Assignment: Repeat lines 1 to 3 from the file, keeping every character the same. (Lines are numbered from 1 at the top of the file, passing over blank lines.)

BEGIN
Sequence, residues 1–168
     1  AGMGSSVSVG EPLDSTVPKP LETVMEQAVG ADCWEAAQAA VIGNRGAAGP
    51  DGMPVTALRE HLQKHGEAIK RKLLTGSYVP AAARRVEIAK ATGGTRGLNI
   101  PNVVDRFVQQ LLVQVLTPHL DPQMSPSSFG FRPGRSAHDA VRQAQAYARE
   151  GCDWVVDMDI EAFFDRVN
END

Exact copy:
Sequence, residues 1–168
     1  AGMGSSVSVG EPLDSTVPKP LETVMEQAVG ADCWEAAQAA VIGNRGAAGP
    51  DGMPVTALRE HLQKHGEAIK RKLLTGSYVP AAARRVEIAK ATGGTRGLNI